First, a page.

Avoid These 4 Workplace Disasters Before You Make Headlines

Contrary to popular belief, not all press is good press.
Avoid These 4 Workplace Disasters Before You Make Headlines
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Entrepreneur Leadership Network Writer
Serial Entrepreneur, Patriot Software Company CEO
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Any press is good press, right? Wrong. Some press could cause your business to tank before you can even get a word in. And I’m not just talking about big companies.These days, bad press can be anything from a social media post or negative customer/employee review to an article in a local newspaper, and it can affect the smallest of small businesses.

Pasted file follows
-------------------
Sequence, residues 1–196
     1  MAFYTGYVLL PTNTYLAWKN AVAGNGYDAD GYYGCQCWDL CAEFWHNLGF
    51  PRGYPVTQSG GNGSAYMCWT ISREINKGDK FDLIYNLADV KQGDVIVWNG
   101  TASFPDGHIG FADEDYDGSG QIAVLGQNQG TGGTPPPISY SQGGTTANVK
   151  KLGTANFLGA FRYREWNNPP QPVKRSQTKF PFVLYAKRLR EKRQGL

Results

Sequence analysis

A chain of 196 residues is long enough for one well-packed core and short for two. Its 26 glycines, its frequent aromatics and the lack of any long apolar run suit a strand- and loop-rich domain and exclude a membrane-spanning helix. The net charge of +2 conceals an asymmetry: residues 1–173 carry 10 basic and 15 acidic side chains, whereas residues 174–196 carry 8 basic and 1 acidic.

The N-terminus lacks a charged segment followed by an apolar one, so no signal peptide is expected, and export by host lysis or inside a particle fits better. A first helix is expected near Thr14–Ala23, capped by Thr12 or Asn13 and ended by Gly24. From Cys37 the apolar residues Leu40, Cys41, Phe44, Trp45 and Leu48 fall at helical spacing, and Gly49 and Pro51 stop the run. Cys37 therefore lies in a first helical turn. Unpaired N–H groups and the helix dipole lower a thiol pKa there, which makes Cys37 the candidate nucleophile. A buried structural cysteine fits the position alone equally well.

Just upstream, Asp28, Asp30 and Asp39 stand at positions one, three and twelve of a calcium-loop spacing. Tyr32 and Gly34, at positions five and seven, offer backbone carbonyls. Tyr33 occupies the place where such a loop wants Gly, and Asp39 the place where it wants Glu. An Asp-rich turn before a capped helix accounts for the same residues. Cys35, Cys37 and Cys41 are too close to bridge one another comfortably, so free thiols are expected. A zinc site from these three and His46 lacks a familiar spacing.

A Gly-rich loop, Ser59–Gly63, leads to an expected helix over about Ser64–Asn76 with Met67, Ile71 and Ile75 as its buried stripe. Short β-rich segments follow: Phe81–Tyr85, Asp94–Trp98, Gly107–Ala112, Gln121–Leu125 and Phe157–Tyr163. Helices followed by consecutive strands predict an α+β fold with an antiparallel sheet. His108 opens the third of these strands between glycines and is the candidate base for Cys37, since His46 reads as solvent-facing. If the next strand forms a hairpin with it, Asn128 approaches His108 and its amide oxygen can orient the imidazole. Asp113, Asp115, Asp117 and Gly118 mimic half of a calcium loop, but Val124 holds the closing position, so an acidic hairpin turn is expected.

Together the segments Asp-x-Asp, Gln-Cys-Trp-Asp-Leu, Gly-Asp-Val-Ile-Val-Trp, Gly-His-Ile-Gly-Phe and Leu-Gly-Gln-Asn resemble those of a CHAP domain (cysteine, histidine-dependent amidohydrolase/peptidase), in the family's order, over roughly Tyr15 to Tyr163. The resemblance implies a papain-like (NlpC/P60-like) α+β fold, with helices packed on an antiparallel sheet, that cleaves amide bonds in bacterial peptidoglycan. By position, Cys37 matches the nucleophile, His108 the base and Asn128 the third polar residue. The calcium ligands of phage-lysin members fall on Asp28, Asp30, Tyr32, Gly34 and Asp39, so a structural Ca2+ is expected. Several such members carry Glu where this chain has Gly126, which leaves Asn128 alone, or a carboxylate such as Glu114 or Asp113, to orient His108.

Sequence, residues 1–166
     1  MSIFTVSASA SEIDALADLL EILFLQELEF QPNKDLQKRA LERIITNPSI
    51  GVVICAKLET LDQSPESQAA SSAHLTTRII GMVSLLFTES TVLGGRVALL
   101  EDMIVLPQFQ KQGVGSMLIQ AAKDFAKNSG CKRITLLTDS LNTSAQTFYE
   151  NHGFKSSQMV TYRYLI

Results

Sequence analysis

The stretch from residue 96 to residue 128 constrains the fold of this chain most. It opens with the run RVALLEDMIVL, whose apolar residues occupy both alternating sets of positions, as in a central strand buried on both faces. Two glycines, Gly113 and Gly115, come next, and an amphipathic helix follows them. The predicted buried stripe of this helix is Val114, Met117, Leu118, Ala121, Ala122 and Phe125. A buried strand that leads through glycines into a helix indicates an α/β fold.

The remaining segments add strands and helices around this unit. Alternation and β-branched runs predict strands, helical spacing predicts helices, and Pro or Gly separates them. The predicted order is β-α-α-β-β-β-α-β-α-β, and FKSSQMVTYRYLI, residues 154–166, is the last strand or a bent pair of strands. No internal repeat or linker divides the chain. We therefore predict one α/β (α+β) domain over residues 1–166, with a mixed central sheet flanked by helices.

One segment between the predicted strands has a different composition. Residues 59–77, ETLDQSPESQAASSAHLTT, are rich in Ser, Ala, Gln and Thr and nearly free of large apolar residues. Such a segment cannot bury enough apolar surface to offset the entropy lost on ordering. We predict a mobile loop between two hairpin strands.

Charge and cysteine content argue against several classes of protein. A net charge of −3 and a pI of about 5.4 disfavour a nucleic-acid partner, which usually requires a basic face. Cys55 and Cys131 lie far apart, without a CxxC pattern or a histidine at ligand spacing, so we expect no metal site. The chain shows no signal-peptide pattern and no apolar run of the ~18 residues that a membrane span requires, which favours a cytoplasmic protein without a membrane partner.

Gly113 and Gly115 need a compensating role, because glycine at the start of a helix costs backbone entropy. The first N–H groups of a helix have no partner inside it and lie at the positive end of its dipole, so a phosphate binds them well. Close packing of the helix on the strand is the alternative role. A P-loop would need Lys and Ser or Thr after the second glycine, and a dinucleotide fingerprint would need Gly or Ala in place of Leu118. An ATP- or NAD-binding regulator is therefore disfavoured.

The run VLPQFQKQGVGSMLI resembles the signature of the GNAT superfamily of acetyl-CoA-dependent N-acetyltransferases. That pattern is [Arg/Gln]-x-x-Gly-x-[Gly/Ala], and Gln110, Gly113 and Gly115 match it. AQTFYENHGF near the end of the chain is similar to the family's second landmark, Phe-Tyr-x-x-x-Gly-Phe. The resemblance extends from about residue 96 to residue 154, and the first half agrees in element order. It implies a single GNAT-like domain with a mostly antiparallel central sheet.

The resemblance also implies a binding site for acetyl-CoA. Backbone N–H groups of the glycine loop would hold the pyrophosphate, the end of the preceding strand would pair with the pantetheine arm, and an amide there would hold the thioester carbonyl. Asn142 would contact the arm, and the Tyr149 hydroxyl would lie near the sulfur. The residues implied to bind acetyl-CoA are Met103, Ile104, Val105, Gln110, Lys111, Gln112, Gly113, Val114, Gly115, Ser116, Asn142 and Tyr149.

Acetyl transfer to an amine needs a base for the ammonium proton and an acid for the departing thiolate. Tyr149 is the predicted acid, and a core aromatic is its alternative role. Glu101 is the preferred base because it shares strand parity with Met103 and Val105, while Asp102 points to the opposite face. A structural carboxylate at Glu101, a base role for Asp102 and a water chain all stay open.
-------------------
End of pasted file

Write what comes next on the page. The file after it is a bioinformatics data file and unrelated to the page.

There are a number of triggers that can spur bad press. Some of the top offenders are workplace-related incidents, including labor-law violations, ethical violations or fraud. Unless you want a rotten reputation and high penalties, avoid these workplace fiascoes like the plague. 

Related: 6 Top Mistakes New Entrepreneurs Make

FLSA Violations

Do you adhere to minimum-wage law? How about overtime laws? If you want to comply with the Fair Labor Standards Act (FLSA) and avoid penalties, you need to. Failing to pay your employees at least the minimum wage or skimping on overtime pay not only will cost you some talented folks, but it could also make for unwanted headlines like, “John Doe Pays Workers Below Minimum Wage!” or, “John Doe Forced to Pay Back Thousands in Overtime Wages!”